Court of Appeal fails to clarify green belt policy

01 Jan 2018

Planning and Environment

In the eagerly awaited judgment in the case of Timmins and Lymn v Gedling Borough Council [2015] EWCA Civ 10, the Court of Appeal has partly clarified the interpretation of chapter 9 of the NPPF (dealing with the Green Belt), but left the door open to further litigation on aspects of the policy.
The case concerned two applications by competing developers for crematoria facilities. One of the applications made provision for a crematorium and cemetery, the other only made provision for a crematorium. The case turned on the manner in which the local authority’s officers, and planning committee, had dealt with the cemetery element in the context of the NPPF, and in particular whether a cemetery was to be regarded as appropriate development under paragraph 89 NPPF.

The Court of Appeal agreed with the conclusion reached by the High Court, which was that paragraph 89 NPPF is concerned only with new buildings in the Green Belt, and not changes of use (such as a change from agriculture to a cemetery). It was held that para 89 contains a closed list of new buildings which can be considered to be appropriate, by way of exceptions to the general rule: judgement at paragraphs 30 (Richards LJ) and 43 (Mitting LJ).

However, the Court was divided as to the interpretation of paragraph 90 NPPF, which deals with “other forms of development [which are] also not inappropriate”. For Richards LJ, paragraph 90 NPF (like paragraph 89) contains a closed lists of cases in which development might be appropriate in the Green Belt: “I do not think that the NPPF gives any scope to local planning authorities to treat development as appropriate if it does not fall within paragraph 89 or paragraph 90”: judgment para 31.

However, Mitting LJ pointed out that the double negative used in paragraph 90 NPPF (“certain other forms of development are also not inappropriate in Green Belt”) bore the same meaning when phrased positively (“certain other forms of development may be appropriate in Green Belt”). In his view, if the draftsman had intended paragraph 90 to be treated as a closed list, he would have used the same phrasing as had been used in paragraph 89: judgment para 43.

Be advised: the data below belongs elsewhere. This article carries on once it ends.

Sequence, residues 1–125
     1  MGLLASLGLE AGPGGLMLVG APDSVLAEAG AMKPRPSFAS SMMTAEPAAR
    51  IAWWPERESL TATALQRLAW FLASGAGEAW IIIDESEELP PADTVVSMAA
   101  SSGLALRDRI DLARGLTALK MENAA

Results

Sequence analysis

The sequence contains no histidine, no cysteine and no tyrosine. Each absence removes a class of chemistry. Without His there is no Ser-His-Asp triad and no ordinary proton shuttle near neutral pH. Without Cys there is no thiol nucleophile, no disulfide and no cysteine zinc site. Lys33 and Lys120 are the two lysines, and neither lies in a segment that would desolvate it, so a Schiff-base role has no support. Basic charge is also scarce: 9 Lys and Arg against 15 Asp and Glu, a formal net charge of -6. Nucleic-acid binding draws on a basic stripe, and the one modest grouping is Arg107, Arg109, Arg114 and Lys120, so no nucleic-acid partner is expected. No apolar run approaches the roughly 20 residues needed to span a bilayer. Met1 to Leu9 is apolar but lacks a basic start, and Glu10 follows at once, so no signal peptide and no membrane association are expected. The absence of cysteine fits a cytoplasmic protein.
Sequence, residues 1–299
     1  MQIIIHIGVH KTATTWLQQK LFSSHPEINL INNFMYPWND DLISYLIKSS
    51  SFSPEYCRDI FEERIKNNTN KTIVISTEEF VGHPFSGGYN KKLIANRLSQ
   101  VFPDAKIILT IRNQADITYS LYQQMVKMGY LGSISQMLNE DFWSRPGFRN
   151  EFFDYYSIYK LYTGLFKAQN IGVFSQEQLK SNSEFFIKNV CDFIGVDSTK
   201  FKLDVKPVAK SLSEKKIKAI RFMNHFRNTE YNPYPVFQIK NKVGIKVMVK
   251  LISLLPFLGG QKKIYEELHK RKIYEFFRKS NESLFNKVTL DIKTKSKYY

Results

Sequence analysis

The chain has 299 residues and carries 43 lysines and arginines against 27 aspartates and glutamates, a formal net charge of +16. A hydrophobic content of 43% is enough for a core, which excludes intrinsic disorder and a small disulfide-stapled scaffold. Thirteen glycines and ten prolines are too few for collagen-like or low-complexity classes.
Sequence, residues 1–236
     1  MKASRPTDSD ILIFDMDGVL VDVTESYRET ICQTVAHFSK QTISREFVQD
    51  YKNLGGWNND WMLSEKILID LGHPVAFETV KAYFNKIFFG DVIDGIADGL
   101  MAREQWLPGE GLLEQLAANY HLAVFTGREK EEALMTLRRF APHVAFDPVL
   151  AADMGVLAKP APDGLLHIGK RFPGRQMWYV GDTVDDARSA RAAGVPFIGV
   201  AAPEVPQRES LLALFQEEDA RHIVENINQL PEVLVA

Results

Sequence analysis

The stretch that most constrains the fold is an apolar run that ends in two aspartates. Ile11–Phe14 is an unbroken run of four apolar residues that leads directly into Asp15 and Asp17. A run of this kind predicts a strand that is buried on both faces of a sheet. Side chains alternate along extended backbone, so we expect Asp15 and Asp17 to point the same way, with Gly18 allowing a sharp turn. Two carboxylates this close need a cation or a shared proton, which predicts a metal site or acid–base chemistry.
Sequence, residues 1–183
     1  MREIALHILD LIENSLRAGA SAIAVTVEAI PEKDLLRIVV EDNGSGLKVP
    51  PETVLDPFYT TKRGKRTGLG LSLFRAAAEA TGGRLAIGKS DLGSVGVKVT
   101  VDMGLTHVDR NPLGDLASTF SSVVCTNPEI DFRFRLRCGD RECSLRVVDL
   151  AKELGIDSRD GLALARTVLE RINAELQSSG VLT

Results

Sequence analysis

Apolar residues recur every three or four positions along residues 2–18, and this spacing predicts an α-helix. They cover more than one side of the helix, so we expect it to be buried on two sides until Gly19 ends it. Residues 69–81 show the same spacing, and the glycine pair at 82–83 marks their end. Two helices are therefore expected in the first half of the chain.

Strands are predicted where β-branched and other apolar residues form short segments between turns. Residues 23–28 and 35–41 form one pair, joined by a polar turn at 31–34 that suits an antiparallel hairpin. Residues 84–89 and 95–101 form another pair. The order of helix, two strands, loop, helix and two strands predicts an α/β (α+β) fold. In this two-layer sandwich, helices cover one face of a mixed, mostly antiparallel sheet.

In this way paragraph 90 could be reconciled with paragraph 81 NPPF, which requires LPAs to plan to enhance the beneficial use of the green belt, including by providing opportunities for outdoor sport and recreation and improving damaged and derelict land. In the view of Mitting LJ, fulfilment of those aims “will normally involve a change of use amounting to development for which planning consent is required”. This would be unlikely to involve ‘very special circumstances’ and therefore, if paragraph 90 was to be treated as a closed list, the only means by which LPAs could fulfil the obligations imposed upon them by para 81 would be to water down the stringent test set out in paragraph 88, (requiring harm by reason of inappropriateness, and any other harm, to be clearly outweighed by other considerations): judgment para 42. In the view of Mitting LJ: “paragraph 90 must not be read so as to inhibit or discourage the fulfilment of the local planning authority’s positive obligations under paragraph 81”.

Unfortunately, Tomlinson LJ considered that it was unnecessary to determine the proper construction of paragraph 90 NPPF since the parties were agreed that, since the obligation cast upon local authorities by paragraph 81 of the NPPF does not extend to the provision of cemeteries, paragraph 81 did not assist the appellants in their argument as to the proper construction of paragraph 90.

Where does this leave practitioners? The judgment certainly clarifies the interpretation of paragraph 89, but it leaves considerable uncertainty about the construction of paragraph 90, which will have to be resolved in a later case.